Facebook Prepares for Europe's General Data Protection Regulation With 'New Privacy Experiences'

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Facebook this week shared a blog post explaining "new privacy experiences" that will be available on the social network, in compliance with the European Union's General Data Protection Regulation (GDPR), coming into effect on May 25. Facebook originally detailed part of its plan for GDPR-related privacy features back in January, and is now following through in the wake of the Cambridge Analytica scandal.

The rollout will begin in Europe this week, but the company described the update as being "for everyone on Facebook," and it'll begin expanding worldwide "on a slightly later schedule." In the new blog post, Facebook chief privacy officer Erin Egan explained that users will be asked to make choices about multiple aspects of the social network from now on, including ads, profile data, and face recognition.


As soon as GDPR was finalized, we realized it was an opportunity to invest even more heavily in privacy. We not only want to comply with the law, but also go beyond our obligations to build new and improved privacy experiences for everyone on Facebook. We’ve brought together hundreds of employees across product, engineering, legal, policy, design and research teams. We’ve also sought input from people outside Facebook with different perspectives on privacy, including people who use our services, regulators and government officials, privacy experts, and designers.

Facebook will ask its users to review information about advertising based on partner data, such as websites and apps that use business tools like the Like button. They will be able to decide if they want Facebook to use data from partners to show them these type of ads or not.

For profile information, users that have opted into sharing political, religious, and relationship information will be asked whether to continue sharing this data, and if they want Facebook to use it. The update will make it easier to delete these personal tidbits from profiles as well.

Face recognition has been on Facebook in most parts of the world for about six years, allowing the service to detect when other profiles might be trying to use someone's profile image, among other features. Egan said that specifically in the EU and Canada, face recognition will return but be defaulted to an off state, and users will have the choice to turn it on. For everyone on Facebook, Egan explained that this feature is still "entirely optional" no matter where the user is located.

This week's blog post explained that these requests -- including an updated terms of service and data policy -- will have specific details relevant only to people in the EU, although "the substance" of the policy remains the same globally. As the update launches around the world, the company will "present the information in the ways that make the most sense for other regions."

Otherwise, Facebook users will also start to see new Settings and Privacy shortcuts around the world this week, allowing them to more easily check their data, delete it, or easily download and export it. The social network is also focusing on protecting teenagers with multiple GDPR compliant features that will be launching worldwide. These include limited advertising, disabling face recognition, defaulting audience options for posts to friends only, and more.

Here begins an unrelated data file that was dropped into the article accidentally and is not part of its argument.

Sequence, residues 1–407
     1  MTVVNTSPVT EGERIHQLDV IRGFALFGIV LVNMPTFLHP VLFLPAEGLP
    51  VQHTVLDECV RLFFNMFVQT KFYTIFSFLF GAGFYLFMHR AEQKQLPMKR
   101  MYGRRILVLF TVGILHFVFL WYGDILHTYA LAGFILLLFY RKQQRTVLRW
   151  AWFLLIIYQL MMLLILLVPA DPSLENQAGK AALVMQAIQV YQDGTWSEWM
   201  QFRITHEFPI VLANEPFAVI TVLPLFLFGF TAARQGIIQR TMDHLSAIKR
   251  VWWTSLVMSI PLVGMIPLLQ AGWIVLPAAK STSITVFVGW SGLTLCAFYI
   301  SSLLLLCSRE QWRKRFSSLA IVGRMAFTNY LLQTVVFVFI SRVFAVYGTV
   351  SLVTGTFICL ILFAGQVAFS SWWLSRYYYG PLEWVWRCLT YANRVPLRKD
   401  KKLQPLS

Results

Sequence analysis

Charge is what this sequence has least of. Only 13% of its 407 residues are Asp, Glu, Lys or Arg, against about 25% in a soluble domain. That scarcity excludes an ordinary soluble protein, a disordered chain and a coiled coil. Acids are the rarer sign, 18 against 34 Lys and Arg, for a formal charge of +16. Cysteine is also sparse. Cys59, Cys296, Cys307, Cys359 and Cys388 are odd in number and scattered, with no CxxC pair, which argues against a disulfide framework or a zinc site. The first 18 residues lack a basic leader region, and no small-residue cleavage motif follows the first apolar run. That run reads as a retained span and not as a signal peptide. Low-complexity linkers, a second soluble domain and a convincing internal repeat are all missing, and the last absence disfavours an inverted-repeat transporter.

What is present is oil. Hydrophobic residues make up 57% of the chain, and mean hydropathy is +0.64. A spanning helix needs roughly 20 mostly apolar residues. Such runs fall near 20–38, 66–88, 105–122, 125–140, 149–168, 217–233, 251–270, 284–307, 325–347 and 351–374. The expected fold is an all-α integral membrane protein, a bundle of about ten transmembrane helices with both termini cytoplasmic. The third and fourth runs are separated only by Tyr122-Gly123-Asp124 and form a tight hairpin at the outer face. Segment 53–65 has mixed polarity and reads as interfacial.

Top Rated Comments

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Avatar
28 months ago
lol, "privacy experiences". Oh Facebook :rolleyes:
Score: 7 Votes (Like | Disagree)
Avatar
28 months ago
Step 1: Turn on VPN, set to an IP in an EU-member country (sorry, UK).
Step 2: Go to facebook's privacy page(s).
Step 3: Delete, delete, delete, my personal info.
Score: 7 Votes (Like | Disagree)
Avatar
28 months ago
IMO FB is corrupt. The only reason they're back peddling now is cuz they (actually the users) got stung. If the mega breach didn't happen, it would still be business as usual. Corruption and deceit doesn't just disappear with a butt slap. It still exists in the company from the top down - and will manifest again in the future in another scandal.
— My Opinion —
Score: 4 Votes (Like | Disagree)
Avatar
28 months ago
I am going to start describing my daily activities as experiences. I am having a food experience. A sleep experience. LOL.
Score: 3 Votes (Like | Disagree)
Avatar
28 months ago

Some websites these days will not open if you install adblockers. A lot of websites now a days require you to not have any adblockers or content blockers to access their website.

Yes, I am aware of that, easiest way would be for all people to ignore such sites so they have no choice to review their policy.
Score: 3 Votes (Like | Disagree)
Avatar
28 months ago

So...I assume everyone who does not wish to have a Facebook account will still have any and all available data harvested at all times as they have no way to opt out? You know, for security purposes.

As of May 25 in the EU: no.

Everyone else: probably yes.
[doublepost=1524066784][/doublepost]

IMO FB is corrupt. The only reason they're back peddling now is cuz they (actually the users) got stung. If the mega breach didn't happen, it would still be business as usual. Corruption and deceit doesn't just disappear with a butt slap. It still exists in the company from the top down - and will manifest again in the future in another scandal.
— My Opinion —

They’re legally mandated to do these things in the EU starting May 25. Not really about backpedaling. More about the 4% of revenue fine they can get slapped with.

At the end of the day, everything is about money.
Score: 2 Votes (Like | Disagree)

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